Nearly 70 workers faint after woman pricks finger in factory

Khy Sovuthy / Khmer Times No Comments Share:
The workers recover in a clinic after fainting at their workplace. Fresh News

Nearly 70 workers at the QMI Garment Factory yesterday fainted after a worker accidental pricked her finger, drawing blood, in Kandal province’s Ang Snuol district.

Colonel Mean Samnang, district police chief, said that at about 7am, 68 workers fainted at the sight of the blood after the worker pricked herself while cleaning a machine.

“When the other workers saw the blood they became dizzy and fainted one after another,” he said, noting that most of them were sent to a clinic for treatment.

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Thol Neang, Kandal provincial labour department director, declined to comment and referred questions to his officer Lim Sarom, who could not be reached for comment.

Pav Sina, Collective Union of Movement of Work president, yesterday said he finds it strange that the sight of blood from a pricked finger could cause nearly 70 workers to faint.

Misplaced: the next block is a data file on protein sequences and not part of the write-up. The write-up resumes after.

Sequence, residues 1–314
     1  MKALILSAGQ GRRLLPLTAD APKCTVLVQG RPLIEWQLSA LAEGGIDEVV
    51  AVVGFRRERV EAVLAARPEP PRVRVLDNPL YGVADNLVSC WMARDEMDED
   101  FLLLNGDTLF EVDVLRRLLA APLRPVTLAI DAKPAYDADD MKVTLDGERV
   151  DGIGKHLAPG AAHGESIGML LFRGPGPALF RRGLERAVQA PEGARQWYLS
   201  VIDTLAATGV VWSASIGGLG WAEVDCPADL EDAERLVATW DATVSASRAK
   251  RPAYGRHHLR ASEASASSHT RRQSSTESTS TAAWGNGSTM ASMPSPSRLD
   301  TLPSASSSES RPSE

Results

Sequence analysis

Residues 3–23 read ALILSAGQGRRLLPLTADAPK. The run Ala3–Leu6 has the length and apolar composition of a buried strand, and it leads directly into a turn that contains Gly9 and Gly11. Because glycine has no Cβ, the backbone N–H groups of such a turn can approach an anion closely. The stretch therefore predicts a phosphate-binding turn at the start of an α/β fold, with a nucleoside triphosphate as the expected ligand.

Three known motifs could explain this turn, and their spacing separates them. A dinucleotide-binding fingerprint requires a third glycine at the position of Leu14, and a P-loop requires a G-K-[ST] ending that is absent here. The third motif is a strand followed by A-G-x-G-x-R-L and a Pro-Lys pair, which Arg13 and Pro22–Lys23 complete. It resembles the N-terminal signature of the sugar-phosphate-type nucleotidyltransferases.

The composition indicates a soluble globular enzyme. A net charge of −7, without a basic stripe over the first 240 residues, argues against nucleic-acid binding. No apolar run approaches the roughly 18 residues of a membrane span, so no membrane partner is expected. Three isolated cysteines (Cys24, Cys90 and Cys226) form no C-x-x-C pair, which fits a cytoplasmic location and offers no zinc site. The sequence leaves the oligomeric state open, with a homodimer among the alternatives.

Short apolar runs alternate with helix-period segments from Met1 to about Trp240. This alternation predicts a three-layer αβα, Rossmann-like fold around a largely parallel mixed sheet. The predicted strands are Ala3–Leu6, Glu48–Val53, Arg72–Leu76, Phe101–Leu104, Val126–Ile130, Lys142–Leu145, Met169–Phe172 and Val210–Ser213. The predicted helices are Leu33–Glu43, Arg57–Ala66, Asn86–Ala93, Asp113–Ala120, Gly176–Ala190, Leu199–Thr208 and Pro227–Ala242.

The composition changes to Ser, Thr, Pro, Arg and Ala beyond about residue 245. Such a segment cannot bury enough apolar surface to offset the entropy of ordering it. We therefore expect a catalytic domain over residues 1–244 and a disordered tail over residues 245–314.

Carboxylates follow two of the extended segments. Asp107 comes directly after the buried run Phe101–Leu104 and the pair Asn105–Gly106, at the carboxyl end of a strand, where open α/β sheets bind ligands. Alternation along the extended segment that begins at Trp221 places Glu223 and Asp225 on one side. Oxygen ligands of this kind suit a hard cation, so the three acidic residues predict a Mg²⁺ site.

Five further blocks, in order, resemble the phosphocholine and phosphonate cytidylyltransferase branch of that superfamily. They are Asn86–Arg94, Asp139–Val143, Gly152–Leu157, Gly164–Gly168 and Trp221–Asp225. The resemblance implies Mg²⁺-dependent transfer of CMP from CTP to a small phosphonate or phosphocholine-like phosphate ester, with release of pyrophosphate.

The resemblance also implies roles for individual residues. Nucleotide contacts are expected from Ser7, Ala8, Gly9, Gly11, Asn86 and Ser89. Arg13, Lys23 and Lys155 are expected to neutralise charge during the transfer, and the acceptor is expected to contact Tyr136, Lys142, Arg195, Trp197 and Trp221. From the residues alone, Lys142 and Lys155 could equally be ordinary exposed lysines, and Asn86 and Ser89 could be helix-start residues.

“In this case, the Labour Ministry should visit the factory to check whether a strong smell from chemicals used in the premises could have been the cause,” he said. “I think that there must be another reason why the workers fainted.”

Last month, the ministry revealed that more than 2,000 garment workers fainted across the Kingdom last year, a jump of more than 400 when compared to 2017 figures despite efforts by the government to improve factory conditions.

Pok Vanthat, chairman of the Labour Ministry’s fainting research and prevention committee, on December 26 said a total of 2,055 workers fainted in 16 factories in 2018. In 2017, a total of 1,603 garment workers fainted in 22 factories.

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Mr Vanthat said fainting incidents were attributed to the health of workers, chemicals used in garment factories, social problems, fear and high factory temperatures, among others.

“The Labour Ministry has issued announcements, directives and created regulations so garment factory owners improve working conditions,” he said. “If they fail to comply, fainting incidents will keep happening.”

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